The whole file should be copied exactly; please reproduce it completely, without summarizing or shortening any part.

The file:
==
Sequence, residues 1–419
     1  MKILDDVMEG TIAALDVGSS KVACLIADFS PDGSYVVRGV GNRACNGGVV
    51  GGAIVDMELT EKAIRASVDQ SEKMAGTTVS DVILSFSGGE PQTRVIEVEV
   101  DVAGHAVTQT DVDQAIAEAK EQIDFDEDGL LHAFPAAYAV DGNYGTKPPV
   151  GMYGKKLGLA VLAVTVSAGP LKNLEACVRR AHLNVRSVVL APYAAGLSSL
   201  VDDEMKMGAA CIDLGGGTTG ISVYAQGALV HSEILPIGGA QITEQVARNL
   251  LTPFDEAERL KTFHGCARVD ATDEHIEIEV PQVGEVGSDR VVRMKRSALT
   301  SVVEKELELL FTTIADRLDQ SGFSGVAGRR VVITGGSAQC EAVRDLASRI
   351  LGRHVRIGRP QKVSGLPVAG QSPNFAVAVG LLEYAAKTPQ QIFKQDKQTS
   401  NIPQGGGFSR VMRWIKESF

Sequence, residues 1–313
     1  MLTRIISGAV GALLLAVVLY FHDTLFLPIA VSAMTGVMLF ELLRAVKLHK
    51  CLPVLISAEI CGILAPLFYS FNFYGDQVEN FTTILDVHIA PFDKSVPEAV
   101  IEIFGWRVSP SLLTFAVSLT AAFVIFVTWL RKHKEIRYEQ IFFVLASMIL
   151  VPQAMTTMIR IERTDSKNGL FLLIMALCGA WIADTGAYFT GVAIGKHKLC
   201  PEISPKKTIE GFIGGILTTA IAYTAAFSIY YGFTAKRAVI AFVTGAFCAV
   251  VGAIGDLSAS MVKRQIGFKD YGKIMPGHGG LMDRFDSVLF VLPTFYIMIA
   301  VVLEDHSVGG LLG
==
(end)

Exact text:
Sequence, residues 1–419
     1  MKILDDVMEG TIAALDVGSS KVACLIADFS PDGSYVVRGV GNRACNGGVV
    51  GGAIVDMELT EKAIRASVDQ SEKMAGTTVS DVILSFSGGE PQTRVIEVEV
   101  DVAGHAVTQT DVDQAIAEAK EQIDFDEDGL LHAFPAAYAV DGNYGTKPPV
   151  GMYGKKLGLA VLAVTVSAGP LKNLEACVRR AHLNVRSVVL APYAAGLSSL
   201  VDDEMKMGAA CIDLGGGTTG ISVYAQGALV HSEILPIGGA QITEQVARNL
   251  LTPFDEAERL KTFHGCARVD ATDEHIEIEV PQVGEVGSDR VVRMKRSALT
   301  SVVEKELELL FTTIADRLDQ SGFSGVAGRR VVITGGSAQC EAVRDLASRI
   351  LGRHVRIGRP QKVSGLPVAG QSPNFAVAVG LLEYAAKTPQ QIFKQDKQTS
   401  NIPQGGGFSR VMRWIKESF

Sequence, residues 1–313
     1  MLTRIISGAV GALLLAVVLY FHDTLFLPIA VSAMTGVMLF ELLRAVKLHK
    51  CLPVLISAEI CGILAPLFYS FNFYGDQVEN FTTILDVHIA PFDKSVPEAV
   101  IEIFGWRVSP SLLTFAVSLT AAFVIFVTWL RKHKEIRYEQ IFFVLASMIL
   151  VPQAMTTMIR IERTDSKNGL FLLIMALCGA WIADTGAYFT GVAIGKHKLC
   201  PEISPKKTIE GFIGGILTTA IAYTAAFSIY YGFTAKRAVI AFVTGAFCAV
   251  VGAIGDLSAS MVKRQIGFKD YGKIMPGHGG LMDRFDSVLF VLPTFYIMIA
   301  VVLEDHSVGG LLG